Re: THEORY: Uses of reduplication
|From:||Eric Christopherson <rakko@...>|
|Date:||Monday, March 3, 2008, 4:13|
On Mar 2, 2008, at 9:43 PM, caeruleancentaur wrote:
>> Douglas Koller <laokou@...> wrote:
>> "She cried and cried (and cried)."
> I would consider that nothing more than a compound predicate. Now if
> the sentence were "She cried, cried, cried," that's a different
> "Shm-reduplication" has its own Wikipedia entry.
I think it could still be construed as reduplication; reduplication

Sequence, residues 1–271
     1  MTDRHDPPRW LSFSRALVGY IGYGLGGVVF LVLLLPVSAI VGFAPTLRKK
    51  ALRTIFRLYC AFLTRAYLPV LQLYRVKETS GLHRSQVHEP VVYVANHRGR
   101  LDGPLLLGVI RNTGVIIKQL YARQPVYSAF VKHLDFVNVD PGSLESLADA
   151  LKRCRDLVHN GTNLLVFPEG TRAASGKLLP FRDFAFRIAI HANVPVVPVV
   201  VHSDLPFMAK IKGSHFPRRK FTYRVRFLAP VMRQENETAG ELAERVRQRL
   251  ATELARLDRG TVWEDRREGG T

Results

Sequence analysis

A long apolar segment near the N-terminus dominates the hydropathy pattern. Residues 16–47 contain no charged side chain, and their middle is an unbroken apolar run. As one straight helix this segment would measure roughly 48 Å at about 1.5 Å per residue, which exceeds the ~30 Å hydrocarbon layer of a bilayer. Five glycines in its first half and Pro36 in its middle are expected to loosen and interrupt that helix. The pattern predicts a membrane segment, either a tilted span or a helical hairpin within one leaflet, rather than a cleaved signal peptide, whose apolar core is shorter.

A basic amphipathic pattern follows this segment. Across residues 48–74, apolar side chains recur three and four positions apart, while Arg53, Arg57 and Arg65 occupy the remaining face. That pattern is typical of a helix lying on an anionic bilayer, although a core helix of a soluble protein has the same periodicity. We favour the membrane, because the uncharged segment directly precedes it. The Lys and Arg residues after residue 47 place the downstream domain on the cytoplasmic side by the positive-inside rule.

does not necessarily involve exact duplication of the base and
*nothing more*. But yeah, I think in my original post I lost sight of
examples like "cried and cried". In that case, the two instances of
"cried" are linked by an element of grammar which also functions in
cases where the two things connected are *not* reduplicant and base.
(On the other hand, once you've said "She cried", adding "and cried"
doesn't really seem to add anything new semantically, the way adding
"and got a tissue" or something like that; it's just restating
something we've just stated.)